Fair Subject Selection

Medical research is subject to ethical standards that promote respect for all human beings and protect their health and rights. Some research populations are vulnerable and need special protection. The particular needs of the economically and medically disadvantaged must be recognized. Special attention is also required for those who cannot give or refuse consent for themselves, for those who may be subject to giving consent under duress, for those who will not benefit personally from the research and for those for whom the research is combined with care.

Declaration of Helsinki. Principle 8

This requirement for the ethical conduct of research concerns the strategy whereby research participants will be recruited. Generalizability of research results to the population at large depends, in part, on the appropriate choice of eligibility criteria, the latter declared in the section addressing the requirement of scientific validity. Once eligibility criteria are formulated, recruitment should not be restricted to certain populations of potential participants simply on the basis of convenience or efficiency, or by exploiting vulnerable individuals or communities. Many possible vulnerabilities may be identified: cognitive (including impaired decisional capacity); deferential; institutional; social; economic; and medical. Because clinical trials are often international in scope, research ethics committees in each country involved should evaluate proposed recruitment practices in its local and regional communities, mindful that the aforementioned vulnerabilities are inherently contextual, and will vary across regional and national boundaries.

Research ethics committees should also evaluate whether there will be an equitable distribution of potential benefits and burdens -- those who bear the potential risks of the trial, and the communities from which they are drawn, should not be systematically excluded from realizing the potential benefits of the research. The presence of clinical equipoise (1) at the inception of the trial ensures that potential participants are not disadvantaged by participating, but meaningful benefits may depend on continued access to the drug or intervention after completion of the trial. In addition, the judgment of clinical equipoise at the inception of the trial may be difficult, and contentious, when research is conducted in poor, developing nations by researchers from wealthy, industrialized countries. The interventions studied may not ordinarily be available in the countries concerned. This also bears on the notion of social value, a separate requirement for the ethical conduct of research. A full discussion of this important consideration is beyond the scope of this document, and the reader is referred to reports issued by the National Bioethics Advisory Commission in the U.S. (2), and the Nuffield Council on Bioethics in the U.K. (3), for additional elaboration.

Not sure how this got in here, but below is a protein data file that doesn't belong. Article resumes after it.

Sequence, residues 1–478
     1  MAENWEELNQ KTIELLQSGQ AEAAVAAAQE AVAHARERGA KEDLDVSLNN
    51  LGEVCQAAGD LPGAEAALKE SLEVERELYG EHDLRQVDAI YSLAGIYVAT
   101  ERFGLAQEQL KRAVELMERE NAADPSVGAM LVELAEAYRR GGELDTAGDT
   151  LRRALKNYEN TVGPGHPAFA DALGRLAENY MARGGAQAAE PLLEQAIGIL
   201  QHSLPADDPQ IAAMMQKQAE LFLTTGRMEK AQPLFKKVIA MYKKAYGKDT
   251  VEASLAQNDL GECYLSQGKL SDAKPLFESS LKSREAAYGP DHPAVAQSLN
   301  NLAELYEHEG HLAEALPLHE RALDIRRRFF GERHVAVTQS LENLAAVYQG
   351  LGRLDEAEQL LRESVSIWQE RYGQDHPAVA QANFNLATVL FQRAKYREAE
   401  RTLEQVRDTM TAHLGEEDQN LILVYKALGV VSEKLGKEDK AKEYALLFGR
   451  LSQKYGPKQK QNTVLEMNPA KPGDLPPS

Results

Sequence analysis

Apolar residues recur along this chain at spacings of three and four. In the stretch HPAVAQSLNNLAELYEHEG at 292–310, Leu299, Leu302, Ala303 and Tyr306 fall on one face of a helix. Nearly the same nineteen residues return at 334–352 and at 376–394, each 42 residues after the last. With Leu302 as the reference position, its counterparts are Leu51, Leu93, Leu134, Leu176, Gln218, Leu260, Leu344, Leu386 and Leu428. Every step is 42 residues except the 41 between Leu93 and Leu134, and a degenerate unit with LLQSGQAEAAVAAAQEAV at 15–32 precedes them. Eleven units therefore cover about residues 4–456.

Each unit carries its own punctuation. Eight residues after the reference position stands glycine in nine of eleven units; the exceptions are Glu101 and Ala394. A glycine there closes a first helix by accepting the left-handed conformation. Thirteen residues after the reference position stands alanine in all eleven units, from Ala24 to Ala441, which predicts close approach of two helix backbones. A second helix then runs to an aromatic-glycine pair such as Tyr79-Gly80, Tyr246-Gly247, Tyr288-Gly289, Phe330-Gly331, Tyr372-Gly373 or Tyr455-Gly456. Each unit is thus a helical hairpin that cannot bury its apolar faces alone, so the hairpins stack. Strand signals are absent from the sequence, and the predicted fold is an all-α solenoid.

The applicable notion of (distributive) justice is also elaborated on in the Belmont Report (4) which guides the deliberations of Institutional Review Boards in the U.S. The report also discusses two other ethical principles applicable to human subjects research: beneficence, and respect for persons.

Individuals from specific groups, such as women, should not be inappropriately excluded from the potential benefits of clinical trial participation. Such exclusion has traditionally arisen from concerns about the possible teratogenic effects of investigational agents, but is no longer considered justifiable (5). Similarly, the presence of clinical equipoise permits the ethical enrollment of children in clinical trials. Because drugs are typically utilized "off-label" in the pediatric population (6), appropriately conducted controlled trials in this age group are indispensible.


References available online are hyperlinked

1. Freedman B. Equipoise and the ethics of clinical research. NEJM 1987; 317:141.

2. National Bioethics Advisory Commission. Report on Ethical and Policy Issues in International Research: Clinical Trials in Developing Countries. 2001.

3. Nuffield Council on Bioethics. The ethics of clinical research in developing countries. 2000.

4. The National Commission for the Protection of Human Subjects of Biomedical and Behavioral Research. The Belmont Report. 1979.

5. F.D.A. Guidelines for the Study and Evaluation of Gender Differences in the Clinical Evaluation of Drugs. 1993.

6. Conroy S, Choonara I, Impicciatore P, et al. Survey of unlicensed and off label use in pediatric wards in European countries. BMJ 2000; 320:79-82.